The Dos and Don’ts of Gift-Giving Around the World
With the holiday season upon us, giving gifts is top of mind for many of us these days. But whether you are celebrating Christmas, New Year or any other seasonal holiday, in many cultures, exchanging gifts for loved ones, friends or acquaintances is a tradition throughout the year.
While there is almost no one does not enjoy receiving a gift, finding the right present can be tricky, especially when the friend, colleague or boss comes from another part of the world. So we want to share a quick guide to giving gifts around the world with you.
You should expect to be rejected once, twice, or even three times when giving a gift in many East Asian countries. This is done to avoid seeming greedy or impatient. You are well-advised to do the same when you are offered a gift in one of these places if you want to be polite. Also, you're expected to thank them when the person finally accepts the gift.
How you handle your gifts in Asia and the Middle East is very significant. The left hand is considered unclean in India and the Middle East, so use your right hand to give and receive gifts (unless the gifts are so heavy, then use your two hands). But, always give or accept a gift in East Asia (China, Thailand, Vietnam) with both hands, palms up.
After receiving a gift and as a thank-you for the hospitality, gifts are given to show gratitude throughout Asia. In Russia, thank-you cards are considered as impractical; instead, send your hosts a small gift after dinner or overnight stay.
Scissors, knives, and basically anything pointy or sharp, represent the severing of ties and relationships in more countries than you might imagine — a decision that you would actually prefer to avoid when you have the time of buying and wrapping a gift.
Don't give an umbrella to someone in China — it means you want to end the relationship. Always avoid giving a green hat in China and Hong Kong; they convey an unfriendly message that your wife is cheating or that your sister is a prostitute. Straw sandals, handkerchiefs, and clocks are also taboo in these two cultures because of their association with mortality. For the same reason, skip brooches and handkerchiefs in Italy. Forget to hand over a potted plant as a hostess gift in Japan — it's thought to encourage illness.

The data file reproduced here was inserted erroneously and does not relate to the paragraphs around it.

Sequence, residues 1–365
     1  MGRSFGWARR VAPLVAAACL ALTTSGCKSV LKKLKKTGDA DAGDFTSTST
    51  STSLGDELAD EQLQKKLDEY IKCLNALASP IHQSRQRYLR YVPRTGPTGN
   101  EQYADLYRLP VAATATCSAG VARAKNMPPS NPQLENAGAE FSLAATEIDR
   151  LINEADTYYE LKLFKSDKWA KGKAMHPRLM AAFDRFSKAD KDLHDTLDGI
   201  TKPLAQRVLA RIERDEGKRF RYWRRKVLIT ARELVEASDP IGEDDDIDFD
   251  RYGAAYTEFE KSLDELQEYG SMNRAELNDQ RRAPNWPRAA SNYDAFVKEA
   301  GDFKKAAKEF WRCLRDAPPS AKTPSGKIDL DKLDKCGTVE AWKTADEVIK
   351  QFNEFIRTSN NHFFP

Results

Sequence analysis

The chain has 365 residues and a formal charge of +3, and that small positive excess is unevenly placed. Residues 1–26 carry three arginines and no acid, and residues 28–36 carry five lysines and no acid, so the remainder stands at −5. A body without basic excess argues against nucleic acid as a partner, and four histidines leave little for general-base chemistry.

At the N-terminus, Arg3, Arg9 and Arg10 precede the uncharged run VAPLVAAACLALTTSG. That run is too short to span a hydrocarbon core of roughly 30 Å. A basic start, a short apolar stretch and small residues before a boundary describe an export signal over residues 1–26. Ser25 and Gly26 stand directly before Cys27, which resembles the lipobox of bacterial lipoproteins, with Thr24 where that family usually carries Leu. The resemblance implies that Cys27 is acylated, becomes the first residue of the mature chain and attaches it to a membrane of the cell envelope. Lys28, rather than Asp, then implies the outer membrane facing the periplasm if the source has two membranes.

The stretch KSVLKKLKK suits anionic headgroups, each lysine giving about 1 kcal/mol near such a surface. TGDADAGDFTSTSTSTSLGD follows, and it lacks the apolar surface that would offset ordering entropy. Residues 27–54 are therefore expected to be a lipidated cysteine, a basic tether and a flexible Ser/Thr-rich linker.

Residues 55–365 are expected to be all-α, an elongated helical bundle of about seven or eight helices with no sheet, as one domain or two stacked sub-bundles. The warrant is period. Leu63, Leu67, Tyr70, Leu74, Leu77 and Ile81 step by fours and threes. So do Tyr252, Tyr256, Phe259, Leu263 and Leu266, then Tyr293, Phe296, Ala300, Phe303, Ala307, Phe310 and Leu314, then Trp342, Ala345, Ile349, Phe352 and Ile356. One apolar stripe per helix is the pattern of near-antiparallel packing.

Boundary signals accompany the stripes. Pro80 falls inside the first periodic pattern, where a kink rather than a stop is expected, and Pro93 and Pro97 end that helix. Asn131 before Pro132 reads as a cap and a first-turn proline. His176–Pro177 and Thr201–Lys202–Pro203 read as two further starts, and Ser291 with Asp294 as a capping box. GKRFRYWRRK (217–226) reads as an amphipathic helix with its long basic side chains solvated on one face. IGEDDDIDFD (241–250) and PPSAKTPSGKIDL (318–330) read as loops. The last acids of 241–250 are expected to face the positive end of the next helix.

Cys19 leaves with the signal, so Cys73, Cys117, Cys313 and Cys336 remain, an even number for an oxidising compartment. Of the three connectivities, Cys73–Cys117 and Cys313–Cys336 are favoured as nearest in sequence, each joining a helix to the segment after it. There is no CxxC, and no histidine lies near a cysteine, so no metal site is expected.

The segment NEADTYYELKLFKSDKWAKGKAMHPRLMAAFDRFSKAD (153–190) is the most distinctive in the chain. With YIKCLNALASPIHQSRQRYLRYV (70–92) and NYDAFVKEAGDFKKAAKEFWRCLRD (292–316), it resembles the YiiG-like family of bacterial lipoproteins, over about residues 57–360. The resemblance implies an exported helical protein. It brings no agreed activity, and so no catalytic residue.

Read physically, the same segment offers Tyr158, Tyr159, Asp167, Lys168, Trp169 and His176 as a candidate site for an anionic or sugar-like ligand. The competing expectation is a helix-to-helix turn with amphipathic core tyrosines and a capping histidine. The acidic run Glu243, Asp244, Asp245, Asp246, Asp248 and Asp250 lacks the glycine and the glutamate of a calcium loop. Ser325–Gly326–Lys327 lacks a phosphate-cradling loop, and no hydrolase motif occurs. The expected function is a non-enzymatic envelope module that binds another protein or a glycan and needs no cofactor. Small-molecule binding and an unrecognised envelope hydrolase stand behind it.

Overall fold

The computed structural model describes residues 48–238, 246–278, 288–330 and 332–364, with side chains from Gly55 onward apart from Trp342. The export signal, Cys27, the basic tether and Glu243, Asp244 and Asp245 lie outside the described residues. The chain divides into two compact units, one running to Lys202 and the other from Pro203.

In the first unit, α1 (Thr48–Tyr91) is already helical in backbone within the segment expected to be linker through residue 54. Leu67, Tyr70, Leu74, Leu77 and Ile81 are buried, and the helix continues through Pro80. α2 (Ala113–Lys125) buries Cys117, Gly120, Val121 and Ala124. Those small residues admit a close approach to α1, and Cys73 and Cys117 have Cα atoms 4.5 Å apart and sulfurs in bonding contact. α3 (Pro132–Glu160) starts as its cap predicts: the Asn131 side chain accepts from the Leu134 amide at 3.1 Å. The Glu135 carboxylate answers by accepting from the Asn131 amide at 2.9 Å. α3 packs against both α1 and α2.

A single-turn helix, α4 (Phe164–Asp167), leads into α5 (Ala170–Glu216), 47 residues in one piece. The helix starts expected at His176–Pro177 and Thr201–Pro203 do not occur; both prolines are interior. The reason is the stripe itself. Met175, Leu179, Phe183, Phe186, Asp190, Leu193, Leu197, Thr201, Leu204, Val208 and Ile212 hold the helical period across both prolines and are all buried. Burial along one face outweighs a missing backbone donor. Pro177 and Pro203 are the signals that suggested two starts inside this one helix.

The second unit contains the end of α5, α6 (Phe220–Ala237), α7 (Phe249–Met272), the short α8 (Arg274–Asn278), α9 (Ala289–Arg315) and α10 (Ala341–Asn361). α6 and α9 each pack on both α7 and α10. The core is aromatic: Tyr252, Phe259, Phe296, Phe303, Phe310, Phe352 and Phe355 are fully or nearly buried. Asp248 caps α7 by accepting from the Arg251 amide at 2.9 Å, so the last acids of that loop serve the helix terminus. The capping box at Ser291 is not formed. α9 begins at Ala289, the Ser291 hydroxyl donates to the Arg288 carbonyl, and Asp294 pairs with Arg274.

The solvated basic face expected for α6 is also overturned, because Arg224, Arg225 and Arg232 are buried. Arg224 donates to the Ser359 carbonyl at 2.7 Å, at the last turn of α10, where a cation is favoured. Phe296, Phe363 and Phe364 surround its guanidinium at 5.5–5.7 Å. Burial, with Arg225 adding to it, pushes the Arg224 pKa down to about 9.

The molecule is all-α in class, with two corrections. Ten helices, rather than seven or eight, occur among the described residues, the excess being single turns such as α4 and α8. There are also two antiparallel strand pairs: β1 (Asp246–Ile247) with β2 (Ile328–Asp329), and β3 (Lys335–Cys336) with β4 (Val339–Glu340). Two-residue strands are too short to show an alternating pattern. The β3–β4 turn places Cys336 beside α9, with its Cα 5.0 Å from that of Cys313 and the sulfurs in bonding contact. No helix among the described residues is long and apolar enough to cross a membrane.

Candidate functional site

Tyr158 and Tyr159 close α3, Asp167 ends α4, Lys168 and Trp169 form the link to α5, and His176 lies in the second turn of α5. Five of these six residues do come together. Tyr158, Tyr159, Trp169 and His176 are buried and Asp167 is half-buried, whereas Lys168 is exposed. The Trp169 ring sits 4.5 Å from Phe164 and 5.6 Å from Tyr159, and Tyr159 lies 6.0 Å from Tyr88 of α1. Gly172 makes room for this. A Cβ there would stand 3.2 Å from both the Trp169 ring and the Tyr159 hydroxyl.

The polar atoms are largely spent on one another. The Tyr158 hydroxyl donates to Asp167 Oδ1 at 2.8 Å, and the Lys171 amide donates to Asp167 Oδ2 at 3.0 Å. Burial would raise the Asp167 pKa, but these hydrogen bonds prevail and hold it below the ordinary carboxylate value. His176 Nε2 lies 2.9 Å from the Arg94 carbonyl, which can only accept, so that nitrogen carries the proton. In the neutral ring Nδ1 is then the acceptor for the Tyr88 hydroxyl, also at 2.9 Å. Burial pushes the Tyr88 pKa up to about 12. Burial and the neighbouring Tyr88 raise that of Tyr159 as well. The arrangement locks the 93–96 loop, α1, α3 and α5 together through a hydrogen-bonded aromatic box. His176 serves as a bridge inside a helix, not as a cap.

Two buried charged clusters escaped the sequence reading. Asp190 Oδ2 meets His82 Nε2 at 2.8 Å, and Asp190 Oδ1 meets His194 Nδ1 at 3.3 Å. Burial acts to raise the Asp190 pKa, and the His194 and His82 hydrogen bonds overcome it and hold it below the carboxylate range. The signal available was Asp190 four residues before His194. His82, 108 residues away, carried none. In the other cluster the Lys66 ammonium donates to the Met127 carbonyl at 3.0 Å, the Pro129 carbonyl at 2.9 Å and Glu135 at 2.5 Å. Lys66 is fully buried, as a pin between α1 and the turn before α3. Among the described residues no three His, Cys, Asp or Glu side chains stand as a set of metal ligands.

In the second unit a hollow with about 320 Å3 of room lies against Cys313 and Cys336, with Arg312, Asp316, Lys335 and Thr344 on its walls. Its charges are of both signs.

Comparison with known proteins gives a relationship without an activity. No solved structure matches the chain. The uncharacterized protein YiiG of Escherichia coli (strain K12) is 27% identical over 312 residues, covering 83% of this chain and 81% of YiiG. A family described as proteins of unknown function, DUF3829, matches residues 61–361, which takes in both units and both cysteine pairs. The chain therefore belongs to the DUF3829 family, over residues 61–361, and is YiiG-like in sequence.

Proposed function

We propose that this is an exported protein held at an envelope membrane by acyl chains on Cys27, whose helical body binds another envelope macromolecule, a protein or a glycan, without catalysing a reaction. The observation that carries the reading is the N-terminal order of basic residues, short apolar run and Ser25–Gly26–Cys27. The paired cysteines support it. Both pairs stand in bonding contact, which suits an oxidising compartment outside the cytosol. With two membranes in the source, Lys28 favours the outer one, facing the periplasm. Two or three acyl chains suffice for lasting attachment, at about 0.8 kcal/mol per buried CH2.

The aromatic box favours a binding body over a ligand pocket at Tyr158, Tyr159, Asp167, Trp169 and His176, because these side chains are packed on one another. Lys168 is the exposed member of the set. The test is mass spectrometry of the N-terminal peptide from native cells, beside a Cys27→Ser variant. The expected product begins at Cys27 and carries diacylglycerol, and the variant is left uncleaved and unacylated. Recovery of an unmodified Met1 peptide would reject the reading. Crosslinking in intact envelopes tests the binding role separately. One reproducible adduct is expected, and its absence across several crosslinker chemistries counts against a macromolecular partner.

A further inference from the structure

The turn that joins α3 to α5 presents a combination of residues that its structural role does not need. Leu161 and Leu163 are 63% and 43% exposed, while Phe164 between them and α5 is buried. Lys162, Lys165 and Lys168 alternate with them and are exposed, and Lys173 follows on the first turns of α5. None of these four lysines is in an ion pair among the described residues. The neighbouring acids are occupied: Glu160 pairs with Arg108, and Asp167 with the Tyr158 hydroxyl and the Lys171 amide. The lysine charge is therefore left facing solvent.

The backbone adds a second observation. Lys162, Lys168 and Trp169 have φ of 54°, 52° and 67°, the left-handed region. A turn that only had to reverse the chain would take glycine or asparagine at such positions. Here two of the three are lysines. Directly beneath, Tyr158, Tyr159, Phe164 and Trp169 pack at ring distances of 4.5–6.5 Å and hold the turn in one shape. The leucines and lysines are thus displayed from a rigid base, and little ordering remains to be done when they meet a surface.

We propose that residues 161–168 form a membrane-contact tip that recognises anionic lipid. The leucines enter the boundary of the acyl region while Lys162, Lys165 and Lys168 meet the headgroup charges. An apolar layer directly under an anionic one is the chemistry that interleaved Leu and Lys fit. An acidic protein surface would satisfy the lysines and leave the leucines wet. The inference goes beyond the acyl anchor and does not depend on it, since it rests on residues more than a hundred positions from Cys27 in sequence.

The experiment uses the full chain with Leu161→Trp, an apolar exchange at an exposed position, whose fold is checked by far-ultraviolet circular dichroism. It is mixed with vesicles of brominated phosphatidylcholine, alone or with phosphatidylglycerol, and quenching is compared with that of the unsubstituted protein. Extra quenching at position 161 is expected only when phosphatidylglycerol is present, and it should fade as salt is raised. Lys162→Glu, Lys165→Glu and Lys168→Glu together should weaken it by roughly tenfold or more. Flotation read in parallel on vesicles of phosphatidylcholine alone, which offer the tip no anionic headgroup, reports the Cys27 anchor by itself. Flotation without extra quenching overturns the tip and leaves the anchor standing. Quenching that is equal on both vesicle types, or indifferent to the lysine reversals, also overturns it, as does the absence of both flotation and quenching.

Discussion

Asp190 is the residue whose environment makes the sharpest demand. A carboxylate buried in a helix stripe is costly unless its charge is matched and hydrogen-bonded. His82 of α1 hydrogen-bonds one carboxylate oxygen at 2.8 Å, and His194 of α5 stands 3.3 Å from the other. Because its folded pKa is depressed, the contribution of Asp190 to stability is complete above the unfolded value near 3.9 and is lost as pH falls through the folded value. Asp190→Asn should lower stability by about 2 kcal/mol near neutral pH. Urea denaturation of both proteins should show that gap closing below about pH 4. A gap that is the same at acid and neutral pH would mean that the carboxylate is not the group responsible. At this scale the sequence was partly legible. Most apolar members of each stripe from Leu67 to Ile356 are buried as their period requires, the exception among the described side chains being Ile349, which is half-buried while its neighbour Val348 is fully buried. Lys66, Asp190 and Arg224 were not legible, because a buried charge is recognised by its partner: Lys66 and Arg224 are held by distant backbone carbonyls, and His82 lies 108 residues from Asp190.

When you’re gifting multiples of flowers, money, or chocolates, be sure to steer clear of unlucky numbers at all times. Because only even numbers are lucky in East Asia. Except the number four, which in many Asian languages has the unfortunate luck of sounding like the word for death. On the other hand, odd numbers are the choice of local people in Europe and India, with the unsurprising exception of 13.
Experts from all over the world agree that gifts should always be wrapped up. That being said, the symbolism of colors varies from country to country. Avoid white, black, and blue gift wrap throughout Asia as they are associated with mourning. And while the yellow paper in India is considered cheerful and suitable for celebratory gifts, in China if it is covered in black writing used solely for gifts to the dead.
Due to their association with death and religious ceremonies, black and purple are abandoned in South America, and in Italy purple is simply considered unlucky. Color, folds, and ribbons are not just an important element of presentation — they are symbolic in many cultures, and the wrong wrapping could send the wrong message.
In these countries, it is considered embarrassing to receive a gift from anyone other than the closest of friends. When you happen to have a best buddy from this part of the world, prepare to have any gift you give thoroughly examined — it's a sign of appreciation and respect for the gift and giver, who is supposed to carefully select the best quality possible. Don't give men something made of silk or gold.
After all, every gift is a wish for happiness. No matter what the occasion, show your gesture of generosity and express your happiness to celebrate it with family, friends or your loved ones through our exclusive gift box or hamper selections filled with handcrafted cookies, travel cakes, and chocolates designed to please any connoisseur.